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Miniature Painting in Pakistan: Divergences Between Traditional and Contemporary Practice

Imran Qureshi, Moderate Enlightenment (detail), 2007

Imran Qureshi, Moderate Enlightenment (detail), 2007. Gouache on paper, 9 x 7 inches. Photo: Courtesy Aicon Gallery, New York

In the golden age of the Mughal Empire, from 1556 to 1658, painting was an art of the book.

“Krishna Holds Up Mount Govardhan to Shelter the Villagers of Braj.” Folio from a Harivamsa (The Legend of Hari (Krishna)), ca. 1590–95

“Krishna Holds Up Mount Govardhan to Shelter the Villagers of Braj.” Folio from a Harivamsa (The Legend of Hari (Krishna)), ca. 1590–95. Ink, opaque watercolor, and gold on paper, 11 3/8 x 7 7/8 inches. (28.9 x 20 cm). The Metropolitan Museum of Art, Purchase, Edward C. Moore Jr. Gift, 1928 (28.63.1). Image: © The Metropolitan Museum of Art. Source:

Murad Khan Mumtaz’s studio in Charlottesville, Virginia, January 2013

Murad Khan Mumtaz’s studio in Charlottesville, Virginia, January 2013. Photo: Murad Khan Mumtaz

Despite its strong association with the modern nation of Pakistan, the genre of contemporary miniature painting belongs to a larger history of Indian art. In terms of technique, it is closely linked to the age-old tradition of Indian miniature painting, and specifically to Mughal painting, known locally as musawwari. Both musawwari (which after the colonial period was known as “miniature painting”) and its modern derivative share a penchant for naturalism that is rooted in European influences. During the Mughal era, royal patrons encouraged their painters to assimilate aesthetic principles from the illusionistic vocabulary of Renaissance art. The new emphasis on linear perspective, naturalistic modeling, and individual portraiture was a direct result of the encounter between east and west. However, Mughal artists maintained a strong sense of continuity with the Indian tradition in terms of both form and content.

In the golden age of the Mughal Empire, from 1556 to 1658, painting was an art of the book. Favorite projects included the fanciful illustration of popular romances, royal histories, Hindu and Muslim mythologies, morality tales, and mystical poetry. Also popular were folios recording court life, royal portraits, exotic flora and fauna, and hunting and garden scenes. Under the later Mughals, painting followed similar models but became more static, losing some of the innovative spontaneity that characterized the classical Mughal sensibility.

The British, who succeeded the Mughals as rulers of India, introduced an alien set of values that privileged the western conception of “fine art” over “applied art.” As a result of the new hierarchy, traditional painting and most other indigenous art forms were relegated to the level of craft. The history of contemporary miniature painting is thus rooted in the history of colonialism in India. In 1872, the British founded the Mayo School of Industrial Arts in Lahore in order to stimulate the production of local crafts for the purpose of international trade. Under British patronage, miniature painting was viewed as yet another exotic product; local artists were encouraged to copy portraits of the Great Mughals alongside dancing girls with hookahs and other stereotypical scenes of the decadent east.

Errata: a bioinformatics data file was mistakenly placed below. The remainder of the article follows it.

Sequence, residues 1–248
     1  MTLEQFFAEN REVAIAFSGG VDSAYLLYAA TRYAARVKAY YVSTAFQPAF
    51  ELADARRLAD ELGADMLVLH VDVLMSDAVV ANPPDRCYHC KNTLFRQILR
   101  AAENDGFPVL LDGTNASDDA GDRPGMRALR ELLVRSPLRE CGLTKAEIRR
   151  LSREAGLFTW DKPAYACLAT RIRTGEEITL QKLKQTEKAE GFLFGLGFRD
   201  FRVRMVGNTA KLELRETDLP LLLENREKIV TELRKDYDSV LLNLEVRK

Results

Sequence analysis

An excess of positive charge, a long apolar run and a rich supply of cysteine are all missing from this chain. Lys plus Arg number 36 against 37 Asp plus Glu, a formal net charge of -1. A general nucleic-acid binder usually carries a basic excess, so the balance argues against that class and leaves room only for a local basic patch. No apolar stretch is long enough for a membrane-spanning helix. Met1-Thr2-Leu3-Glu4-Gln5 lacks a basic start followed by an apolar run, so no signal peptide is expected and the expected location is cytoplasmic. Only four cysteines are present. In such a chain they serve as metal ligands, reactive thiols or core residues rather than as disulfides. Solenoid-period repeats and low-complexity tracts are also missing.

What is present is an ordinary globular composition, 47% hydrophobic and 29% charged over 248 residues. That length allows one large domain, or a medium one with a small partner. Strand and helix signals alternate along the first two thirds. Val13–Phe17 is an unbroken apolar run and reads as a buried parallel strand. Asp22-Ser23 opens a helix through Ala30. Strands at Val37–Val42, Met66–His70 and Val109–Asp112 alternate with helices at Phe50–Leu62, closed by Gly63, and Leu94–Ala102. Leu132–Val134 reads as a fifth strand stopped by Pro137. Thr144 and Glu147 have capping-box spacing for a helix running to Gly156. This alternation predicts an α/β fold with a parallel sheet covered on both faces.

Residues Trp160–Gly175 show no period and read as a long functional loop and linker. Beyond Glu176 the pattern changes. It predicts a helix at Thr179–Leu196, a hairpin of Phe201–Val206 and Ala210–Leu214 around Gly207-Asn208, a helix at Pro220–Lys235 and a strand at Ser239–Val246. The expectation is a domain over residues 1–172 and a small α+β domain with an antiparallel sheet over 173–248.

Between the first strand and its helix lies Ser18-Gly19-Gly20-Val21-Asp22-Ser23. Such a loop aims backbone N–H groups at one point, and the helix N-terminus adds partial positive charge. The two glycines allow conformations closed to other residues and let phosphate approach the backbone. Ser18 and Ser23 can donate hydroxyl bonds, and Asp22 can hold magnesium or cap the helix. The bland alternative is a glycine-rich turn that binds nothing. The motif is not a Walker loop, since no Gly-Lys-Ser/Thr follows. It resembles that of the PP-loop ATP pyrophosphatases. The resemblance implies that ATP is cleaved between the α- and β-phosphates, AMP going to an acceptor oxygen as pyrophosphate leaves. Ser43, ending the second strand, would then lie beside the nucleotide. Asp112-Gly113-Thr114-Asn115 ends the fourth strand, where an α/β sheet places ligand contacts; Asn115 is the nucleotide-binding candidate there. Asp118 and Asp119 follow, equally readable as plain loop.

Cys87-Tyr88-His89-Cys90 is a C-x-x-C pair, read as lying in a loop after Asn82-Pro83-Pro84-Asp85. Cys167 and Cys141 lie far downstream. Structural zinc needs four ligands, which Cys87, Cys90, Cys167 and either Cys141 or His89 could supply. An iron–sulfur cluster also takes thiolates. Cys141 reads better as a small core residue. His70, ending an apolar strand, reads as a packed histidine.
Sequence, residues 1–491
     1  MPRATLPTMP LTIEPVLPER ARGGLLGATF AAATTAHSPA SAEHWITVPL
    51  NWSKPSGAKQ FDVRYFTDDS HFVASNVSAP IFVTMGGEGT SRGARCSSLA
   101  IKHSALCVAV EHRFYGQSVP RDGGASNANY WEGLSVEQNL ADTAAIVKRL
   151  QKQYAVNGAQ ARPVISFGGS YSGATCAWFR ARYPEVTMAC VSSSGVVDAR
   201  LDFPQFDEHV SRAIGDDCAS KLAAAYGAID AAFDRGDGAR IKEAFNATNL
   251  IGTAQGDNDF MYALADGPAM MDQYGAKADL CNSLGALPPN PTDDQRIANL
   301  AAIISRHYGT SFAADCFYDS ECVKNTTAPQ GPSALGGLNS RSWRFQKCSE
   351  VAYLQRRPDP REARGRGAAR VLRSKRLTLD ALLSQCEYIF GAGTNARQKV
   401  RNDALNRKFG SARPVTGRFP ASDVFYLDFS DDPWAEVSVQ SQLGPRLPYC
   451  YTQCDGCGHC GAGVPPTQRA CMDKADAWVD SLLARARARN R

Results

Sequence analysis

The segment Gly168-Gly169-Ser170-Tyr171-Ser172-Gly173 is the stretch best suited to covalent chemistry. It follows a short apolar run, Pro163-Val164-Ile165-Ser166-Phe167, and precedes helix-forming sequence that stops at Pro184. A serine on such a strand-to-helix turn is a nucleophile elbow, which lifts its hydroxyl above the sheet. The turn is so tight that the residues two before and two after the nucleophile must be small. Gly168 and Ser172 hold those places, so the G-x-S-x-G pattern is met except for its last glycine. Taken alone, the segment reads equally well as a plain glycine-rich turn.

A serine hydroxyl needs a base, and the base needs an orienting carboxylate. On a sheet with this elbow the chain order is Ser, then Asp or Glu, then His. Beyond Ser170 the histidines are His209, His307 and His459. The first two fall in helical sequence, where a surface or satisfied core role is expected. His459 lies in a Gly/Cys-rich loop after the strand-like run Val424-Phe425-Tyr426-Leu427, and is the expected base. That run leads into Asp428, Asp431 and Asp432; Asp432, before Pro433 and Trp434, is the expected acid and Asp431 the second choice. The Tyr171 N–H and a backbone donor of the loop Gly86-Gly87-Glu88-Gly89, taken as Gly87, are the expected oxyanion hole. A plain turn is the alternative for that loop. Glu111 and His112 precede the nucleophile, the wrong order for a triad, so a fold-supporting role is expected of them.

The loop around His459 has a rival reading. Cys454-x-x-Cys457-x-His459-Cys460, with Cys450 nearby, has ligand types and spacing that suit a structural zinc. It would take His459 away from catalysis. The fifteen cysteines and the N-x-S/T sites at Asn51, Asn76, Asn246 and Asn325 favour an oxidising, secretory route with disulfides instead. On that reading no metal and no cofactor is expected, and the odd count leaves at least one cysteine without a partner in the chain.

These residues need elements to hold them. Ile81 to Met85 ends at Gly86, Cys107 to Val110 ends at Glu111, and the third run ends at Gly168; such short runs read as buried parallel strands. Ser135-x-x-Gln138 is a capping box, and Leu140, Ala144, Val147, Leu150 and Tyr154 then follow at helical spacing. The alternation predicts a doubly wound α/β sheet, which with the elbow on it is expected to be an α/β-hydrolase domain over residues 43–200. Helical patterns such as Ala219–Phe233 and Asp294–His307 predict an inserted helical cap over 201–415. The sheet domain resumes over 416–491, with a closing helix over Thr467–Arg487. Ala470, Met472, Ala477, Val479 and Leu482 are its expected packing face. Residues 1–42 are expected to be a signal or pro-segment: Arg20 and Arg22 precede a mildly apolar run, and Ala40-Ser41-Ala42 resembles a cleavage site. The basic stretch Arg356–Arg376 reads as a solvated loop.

After the partition of India and Pakistan, the Mayo School was reorganized as the National College of Arts (NCA). As it remodeled itself according to a modern, European paradigm, the traditional art forms previously taught at the school disappeared, with miniature painting barely subsisting. In 1982, Bashir Ahmad, a student of one of the last traditional master miniaturists in the country, succeeded in introducing it as a major subject in the fine art department. Over the last two decades, the program has become the most successful in the school, and the work of graduating students remains in demand from international dealers and collectors.

However, in order to survive within a contemporary art institution, miniature painting had to be modified and “modernized.” Consequently, the traditional master-disciple relationship has been sacrificed. Instead, the intensive apprenticeship that formerly unfolded over decades has been condensed into two to four academic years. On one hand, the academic format in Pakistan has allowed miniature painting to survive and evolve; on the other hand, students of the practice can hope to build only a superficial understanding of the tradition.

Even though the essential techniques of Mughal musawwari have been disseminated, material knowledge has undergone a process of abbreviation. For example, students are no longer taught the traditional way of preparing wasli paper; instead, cheap, mass-produced paper is used. Knowledge of pigment preparation has followed a similar course of departure from tradition. As well as zinc white—safaida—which continues to be used as the vehicle of opacity for all pigments, students rely on imported commercial watercolors. Current students’ lack of exposure to traditional material preparation has led to a marked indifference toward craft. Perhaps this is one reasons why it has been inevitable for NCA miniaturists to break from traditional models.